GRANITE PEAK PUBLICATIONS: Accompanying travelers to the national park since 2002

All posts tagged predictions

All about fountain-type geysers

Categories: Geysers
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Geysers can be categorized as one of two types: cone and fountain. Let’s see what page 61 of Yellowstone Treasures has to say about fountain-type geysers.

Such geysers have a very broad pool rather than a cone or narrow vent, and they usually erupt in a series of bursts, sometimes beginning with a blue dome-shaped surge.

Great Fountain Geyser

Great Fountain Geyser (1996)

Great Fountain is perhaps Yellowstone Park’s largest fountain-type geyser. Eruptions usually range between 100 and 150 feet (30-45 meters) in height, and its vent is 16 feet (4.8 meters) across! In case you missed it, here’s Janet’s report on this blog about an early evening eruption of Great Fountain Geyser in 2014. She includes a video.

Another classic fountain-type geyser is Fountain Geyser, which may erupt as high as 100 feet (30 meters). Last year photographer and videographer Neal Herbert took a great short video of its eruption. Watch closely and you’ll see flashes of bright blue as steam bubbles explode and propel water from the crater (especially at the 50-second mark).

The most recent statistics of major geyser activity compiled by the National Park Service are from last November, “Current Activity of Selected Geysers.” When you travel there and want current predictions, you can either

  • call (307) 344-2751 or
  • follow @GeyserNPS on Twitter.

Great Fountain Geyser and Fountain Geyser are both in Lower Geyser Basin, but only the former is predicted, with an average interval of 10 hours 45 minutes (+/- 2 hours).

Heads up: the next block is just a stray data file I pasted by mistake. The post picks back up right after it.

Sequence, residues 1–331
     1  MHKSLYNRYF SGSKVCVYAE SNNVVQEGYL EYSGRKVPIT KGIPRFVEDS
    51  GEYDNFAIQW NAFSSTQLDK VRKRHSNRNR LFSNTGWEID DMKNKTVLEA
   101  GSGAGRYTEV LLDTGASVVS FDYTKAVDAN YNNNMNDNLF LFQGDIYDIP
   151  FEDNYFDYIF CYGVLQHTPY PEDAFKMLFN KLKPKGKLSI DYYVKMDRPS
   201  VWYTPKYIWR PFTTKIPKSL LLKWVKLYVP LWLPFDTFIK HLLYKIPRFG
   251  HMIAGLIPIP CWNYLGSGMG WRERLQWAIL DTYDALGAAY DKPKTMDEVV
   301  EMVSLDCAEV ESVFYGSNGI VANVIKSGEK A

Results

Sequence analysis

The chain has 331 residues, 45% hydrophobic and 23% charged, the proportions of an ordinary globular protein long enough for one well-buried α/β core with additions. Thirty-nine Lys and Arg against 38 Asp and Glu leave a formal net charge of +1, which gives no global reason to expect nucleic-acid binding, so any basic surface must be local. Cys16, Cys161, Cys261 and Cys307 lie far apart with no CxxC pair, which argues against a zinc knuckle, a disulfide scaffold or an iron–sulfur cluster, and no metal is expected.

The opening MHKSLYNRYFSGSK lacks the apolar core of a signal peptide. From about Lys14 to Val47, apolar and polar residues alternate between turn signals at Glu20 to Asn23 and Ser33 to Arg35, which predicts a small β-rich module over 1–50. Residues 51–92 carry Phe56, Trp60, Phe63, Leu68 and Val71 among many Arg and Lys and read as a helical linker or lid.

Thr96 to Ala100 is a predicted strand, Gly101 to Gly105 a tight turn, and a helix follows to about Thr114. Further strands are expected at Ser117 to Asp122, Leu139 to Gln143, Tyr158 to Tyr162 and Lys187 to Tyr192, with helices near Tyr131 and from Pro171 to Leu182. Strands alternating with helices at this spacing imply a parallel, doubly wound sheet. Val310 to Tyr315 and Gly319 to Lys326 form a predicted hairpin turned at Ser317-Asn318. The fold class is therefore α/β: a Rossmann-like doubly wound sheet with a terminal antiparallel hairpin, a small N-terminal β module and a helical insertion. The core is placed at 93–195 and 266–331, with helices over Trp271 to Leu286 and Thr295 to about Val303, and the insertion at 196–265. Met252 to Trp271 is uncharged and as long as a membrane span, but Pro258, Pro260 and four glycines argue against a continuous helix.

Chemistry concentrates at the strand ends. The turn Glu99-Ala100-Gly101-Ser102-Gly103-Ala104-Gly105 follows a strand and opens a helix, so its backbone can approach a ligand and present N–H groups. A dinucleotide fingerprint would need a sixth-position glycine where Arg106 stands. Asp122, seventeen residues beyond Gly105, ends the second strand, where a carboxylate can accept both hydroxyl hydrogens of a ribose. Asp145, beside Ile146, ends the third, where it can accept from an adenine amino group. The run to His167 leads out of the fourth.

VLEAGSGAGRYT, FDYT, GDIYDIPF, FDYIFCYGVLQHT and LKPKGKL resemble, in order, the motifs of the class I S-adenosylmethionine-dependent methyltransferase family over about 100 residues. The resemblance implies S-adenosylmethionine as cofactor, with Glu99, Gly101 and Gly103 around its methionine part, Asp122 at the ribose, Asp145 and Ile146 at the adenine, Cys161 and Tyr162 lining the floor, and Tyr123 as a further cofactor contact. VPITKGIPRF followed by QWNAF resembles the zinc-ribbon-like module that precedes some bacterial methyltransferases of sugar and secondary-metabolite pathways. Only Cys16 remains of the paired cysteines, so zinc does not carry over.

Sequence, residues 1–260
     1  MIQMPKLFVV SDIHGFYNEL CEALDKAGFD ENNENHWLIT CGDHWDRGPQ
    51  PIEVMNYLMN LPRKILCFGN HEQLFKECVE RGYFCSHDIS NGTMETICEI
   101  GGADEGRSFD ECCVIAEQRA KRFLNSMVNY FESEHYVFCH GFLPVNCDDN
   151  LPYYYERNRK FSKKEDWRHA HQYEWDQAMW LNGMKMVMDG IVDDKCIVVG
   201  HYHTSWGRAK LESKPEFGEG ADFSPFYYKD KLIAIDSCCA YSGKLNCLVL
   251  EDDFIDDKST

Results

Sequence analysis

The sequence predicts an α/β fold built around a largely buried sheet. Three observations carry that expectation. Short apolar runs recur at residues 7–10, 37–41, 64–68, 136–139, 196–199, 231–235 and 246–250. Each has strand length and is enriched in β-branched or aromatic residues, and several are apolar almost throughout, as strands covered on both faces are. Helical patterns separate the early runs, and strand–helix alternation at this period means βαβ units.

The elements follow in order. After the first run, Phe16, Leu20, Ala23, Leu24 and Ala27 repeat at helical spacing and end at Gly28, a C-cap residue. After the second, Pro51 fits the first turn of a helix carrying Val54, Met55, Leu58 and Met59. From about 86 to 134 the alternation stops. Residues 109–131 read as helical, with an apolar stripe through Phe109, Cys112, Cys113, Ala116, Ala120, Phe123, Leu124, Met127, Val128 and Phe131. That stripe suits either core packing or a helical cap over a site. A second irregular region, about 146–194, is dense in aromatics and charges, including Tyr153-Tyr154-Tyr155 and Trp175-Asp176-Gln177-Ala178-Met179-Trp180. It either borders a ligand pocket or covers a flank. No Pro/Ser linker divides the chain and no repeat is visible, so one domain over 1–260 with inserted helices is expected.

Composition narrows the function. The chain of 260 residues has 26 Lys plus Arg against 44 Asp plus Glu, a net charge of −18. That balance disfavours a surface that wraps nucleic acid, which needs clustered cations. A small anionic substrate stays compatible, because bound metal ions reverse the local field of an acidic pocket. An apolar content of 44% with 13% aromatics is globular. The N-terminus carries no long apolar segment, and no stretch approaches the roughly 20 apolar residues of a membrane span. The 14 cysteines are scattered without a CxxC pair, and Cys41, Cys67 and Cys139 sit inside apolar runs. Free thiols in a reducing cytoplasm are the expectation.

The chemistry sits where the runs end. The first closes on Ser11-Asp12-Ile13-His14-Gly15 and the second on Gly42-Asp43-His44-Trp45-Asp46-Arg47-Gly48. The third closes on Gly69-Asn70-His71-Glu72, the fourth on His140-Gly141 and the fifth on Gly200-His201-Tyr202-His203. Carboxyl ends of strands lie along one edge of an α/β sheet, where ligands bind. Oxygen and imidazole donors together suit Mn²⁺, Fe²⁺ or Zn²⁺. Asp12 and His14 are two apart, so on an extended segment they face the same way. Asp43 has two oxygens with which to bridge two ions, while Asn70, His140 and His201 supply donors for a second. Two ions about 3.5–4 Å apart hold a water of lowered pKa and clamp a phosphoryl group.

Find out more about geysers elsewhere on this website, including “Yellowstone Geyser Eruptions: How Do They Work?

—Beth, Publisher and Editor

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Geyser Day 2014

Categories: Geysers, Trip Reports
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Since I never tire of watching Yellowstone’s geysers, this year I gave myself all of one day, August twelfth, for chasing the best eruptions. I was richly rewarded.

Starting early, before the Old Faithful Visitor Education Center opened and posted its predictions, I took a chance that there might be an early morning eruption of Great Fountain Geyser that I could catch, but sitting at its shapely formation for 45 minutes, I saw only small bursts and had to conclude that I had missed it.

Still, delighted to find that my FRS radio worked even nine miles from Old Faithful, I heard that Fountain Geyser (in the Fountain Paint Pot area) had started erupting at 9:12, so I got there as quickly as exceeding the speed limit (just a little) would allow. I was in time to witness the latter part of Fountain’s eruption, which continued until 9:48. Jet Geyser was spouting in all directions, and little Twig Geyser contributed, too.

Red Spouter’s northern vent was acting as a very loud fumarole, and the southern vent was boiling vigorously, showing that the water table is relatively high for this late in the summer, thanks to ample rainfall. A clever new sign at the Paint Pot gives us the “Recipe for Mudpots.”

Fortunately, I had arrived at the parking lot before the 10:00 am crush, when tour buses and the majority of private vehicles make parking next to impossible. (The same was true this August at Norris Geyser Basin.)